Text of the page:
“Raseyn” - Lithuanian Jewry
(Raseiniai, Lithuania)

55°22' / 23°07'

Translation of “Raseyn” chapter from Yahadut Lita
(Lithuanian Jewry), Vol. 3

Published by The Association of The Lithuanian Jews in Israel

Published in Tel Aviv, 1967 (Vol. 3) and 1984 (Vol. 4)



Project Coordinator and Translator

Jonathan Levitow


Our sincere appreciation to Joseph Melamed, Advocat, for permission
to put this material on the JewishGen web site.

This is a translation from: Yahadut Lita: (Lithuanian Jewry), Vol. 3
Town: Raseiniai (Raseyn), pp. 359-360 (Vol. 3)

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[Pages 359-360 - Volume 3]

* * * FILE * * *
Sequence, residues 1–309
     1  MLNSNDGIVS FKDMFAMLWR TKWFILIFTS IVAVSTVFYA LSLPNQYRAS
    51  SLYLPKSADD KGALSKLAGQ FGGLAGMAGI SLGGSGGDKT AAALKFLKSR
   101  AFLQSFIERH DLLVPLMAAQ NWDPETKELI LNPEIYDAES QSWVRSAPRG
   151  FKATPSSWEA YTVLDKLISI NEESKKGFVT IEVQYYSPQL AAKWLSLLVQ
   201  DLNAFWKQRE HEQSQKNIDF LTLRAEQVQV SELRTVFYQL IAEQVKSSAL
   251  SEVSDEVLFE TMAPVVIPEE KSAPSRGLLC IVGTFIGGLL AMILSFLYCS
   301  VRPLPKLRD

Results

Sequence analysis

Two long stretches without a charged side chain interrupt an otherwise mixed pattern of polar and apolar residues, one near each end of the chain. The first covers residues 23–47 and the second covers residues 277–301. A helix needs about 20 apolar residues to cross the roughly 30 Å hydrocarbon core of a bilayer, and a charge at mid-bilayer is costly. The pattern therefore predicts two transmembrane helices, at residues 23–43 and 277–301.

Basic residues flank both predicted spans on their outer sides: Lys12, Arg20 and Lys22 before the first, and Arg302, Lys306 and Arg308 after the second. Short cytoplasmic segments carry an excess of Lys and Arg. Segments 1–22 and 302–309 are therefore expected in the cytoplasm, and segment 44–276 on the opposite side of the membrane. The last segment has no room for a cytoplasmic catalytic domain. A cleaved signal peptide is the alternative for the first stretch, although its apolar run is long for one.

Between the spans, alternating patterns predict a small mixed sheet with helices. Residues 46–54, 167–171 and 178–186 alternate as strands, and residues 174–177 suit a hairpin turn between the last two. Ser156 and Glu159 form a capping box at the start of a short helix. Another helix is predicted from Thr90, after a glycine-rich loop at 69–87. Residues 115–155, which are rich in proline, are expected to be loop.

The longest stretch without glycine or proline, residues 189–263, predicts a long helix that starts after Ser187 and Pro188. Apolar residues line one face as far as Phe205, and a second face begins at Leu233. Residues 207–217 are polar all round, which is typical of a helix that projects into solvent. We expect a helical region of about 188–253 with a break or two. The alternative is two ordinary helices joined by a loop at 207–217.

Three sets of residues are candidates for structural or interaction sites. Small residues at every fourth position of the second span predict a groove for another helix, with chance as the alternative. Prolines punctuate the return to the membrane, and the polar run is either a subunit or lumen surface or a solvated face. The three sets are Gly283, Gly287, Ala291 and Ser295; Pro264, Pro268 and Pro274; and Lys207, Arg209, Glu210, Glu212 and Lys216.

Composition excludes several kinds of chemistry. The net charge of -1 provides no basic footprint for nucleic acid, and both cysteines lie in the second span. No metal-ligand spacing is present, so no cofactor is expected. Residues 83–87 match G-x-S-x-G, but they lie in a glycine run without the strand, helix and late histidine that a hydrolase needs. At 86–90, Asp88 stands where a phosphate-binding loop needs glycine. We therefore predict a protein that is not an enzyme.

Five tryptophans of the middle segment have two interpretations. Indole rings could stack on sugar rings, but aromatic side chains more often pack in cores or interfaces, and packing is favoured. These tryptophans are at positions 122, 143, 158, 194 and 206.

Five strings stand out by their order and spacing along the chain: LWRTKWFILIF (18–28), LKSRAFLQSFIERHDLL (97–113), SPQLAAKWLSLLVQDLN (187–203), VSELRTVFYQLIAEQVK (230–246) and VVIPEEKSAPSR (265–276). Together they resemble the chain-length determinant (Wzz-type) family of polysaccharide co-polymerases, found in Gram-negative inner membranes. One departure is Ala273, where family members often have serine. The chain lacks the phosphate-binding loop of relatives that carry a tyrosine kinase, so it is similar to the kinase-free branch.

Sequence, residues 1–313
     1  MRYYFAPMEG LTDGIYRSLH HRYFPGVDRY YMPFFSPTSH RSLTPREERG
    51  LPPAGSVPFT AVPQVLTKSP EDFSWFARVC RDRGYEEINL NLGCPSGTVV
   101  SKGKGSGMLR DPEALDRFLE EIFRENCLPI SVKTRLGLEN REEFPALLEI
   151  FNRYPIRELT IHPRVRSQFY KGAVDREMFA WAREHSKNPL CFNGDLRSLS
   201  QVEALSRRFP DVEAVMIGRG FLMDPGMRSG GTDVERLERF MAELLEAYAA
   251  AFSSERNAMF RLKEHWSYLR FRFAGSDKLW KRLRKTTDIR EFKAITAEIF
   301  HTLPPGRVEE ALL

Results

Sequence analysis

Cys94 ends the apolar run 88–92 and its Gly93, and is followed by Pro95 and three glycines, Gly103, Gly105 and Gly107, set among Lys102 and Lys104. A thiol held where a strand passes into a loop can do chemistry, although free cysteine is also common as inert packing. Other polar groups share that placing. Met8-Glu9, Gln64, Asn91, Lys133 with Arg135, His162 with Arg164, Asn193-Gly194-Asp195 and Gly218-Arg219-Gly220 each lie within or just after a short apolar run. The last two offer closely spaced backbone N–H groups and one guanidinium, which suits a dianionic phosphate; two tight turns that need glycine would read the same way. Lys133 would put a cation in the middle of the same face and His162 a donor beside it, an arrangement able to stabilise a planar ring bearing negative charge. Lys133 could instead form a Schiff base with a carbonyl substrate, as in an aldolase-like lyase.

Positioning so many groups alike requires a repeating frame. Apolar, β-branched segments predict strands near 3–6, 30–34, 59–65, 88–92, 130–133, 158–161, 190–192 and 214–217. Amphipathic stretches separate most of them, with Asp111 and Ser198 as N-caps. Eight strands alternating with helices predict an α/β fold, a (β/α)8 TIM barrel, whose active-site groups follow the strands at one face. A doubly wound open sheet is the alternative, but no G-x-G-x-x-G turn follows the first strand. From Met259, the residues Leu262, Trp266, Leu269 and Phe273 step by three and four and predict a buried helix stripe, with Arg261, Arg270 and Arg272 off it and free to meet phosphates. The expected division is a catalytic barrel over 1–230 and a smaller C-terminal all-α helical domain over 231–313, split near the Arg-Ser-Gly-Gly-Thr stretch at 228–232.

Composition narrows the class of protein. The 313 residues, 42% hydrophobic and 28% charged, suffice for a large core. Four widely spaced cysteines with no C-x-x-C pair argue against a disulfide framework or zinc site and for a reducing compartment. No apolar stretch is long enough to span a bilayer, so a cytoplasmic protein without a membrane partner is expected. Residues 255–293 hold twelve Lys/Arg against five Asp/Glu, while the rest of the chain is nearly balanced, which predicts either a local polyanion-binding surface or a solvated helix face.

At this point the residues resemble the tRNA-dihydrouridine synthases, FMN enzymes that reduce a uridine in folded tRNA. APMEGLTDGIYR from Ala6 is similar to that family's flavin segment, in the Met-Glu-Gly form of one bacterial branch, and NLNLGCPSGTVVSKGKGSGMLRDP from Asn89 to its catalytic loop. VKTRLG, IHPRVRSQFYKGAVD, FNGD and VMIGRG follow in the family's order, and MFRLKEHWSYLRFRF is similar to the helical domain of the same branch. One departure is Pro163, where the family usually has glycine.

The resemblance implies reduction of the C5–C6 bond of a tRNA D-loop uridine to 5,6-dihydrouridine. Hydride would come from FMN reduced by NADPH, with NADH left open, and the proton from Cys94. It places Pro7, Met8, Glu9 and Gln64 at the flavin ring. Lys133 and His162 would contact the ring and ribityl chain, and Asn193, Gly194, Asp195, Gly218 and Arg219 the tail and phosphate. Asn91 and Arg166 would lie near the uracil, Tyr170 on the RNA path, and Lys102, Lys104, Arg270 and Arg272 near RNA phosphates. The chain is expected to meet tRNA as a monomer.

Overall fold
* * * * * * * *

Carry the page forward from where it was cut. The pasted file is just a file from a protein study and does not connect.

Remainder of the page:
The provincial capital of “Raseiniai,” or “Raseyn,” lies on the bank of the river Raseykah, 8 kilometers from the Dubysa, near the communities of Girtigula (10 km.), Namukesht (25 km.), Kolm (55 km.), and Shidlova (15 km.), and 12 km. from the nearest train station in Shilovka. There were were no paved roads leading to Raseyn until the Kovno-Raseyn-Memel highway was built in 1936.

Raseyn is one of the oldest cities in Lithuania and appears in records of the 13th and 14th centuries under different names, including Rushigen, Rossyen, and Rasseyne. In 1253 Prince Mindaugas ceded one part of the Zamut territory, including some of the district around Raseyn, to the Livonian Order of Christian knights, and the rest to the first bishop of Lithuania, Kristyan. From this area the Livonian order began to spread Christianity, and this led to bloody warfare in the area.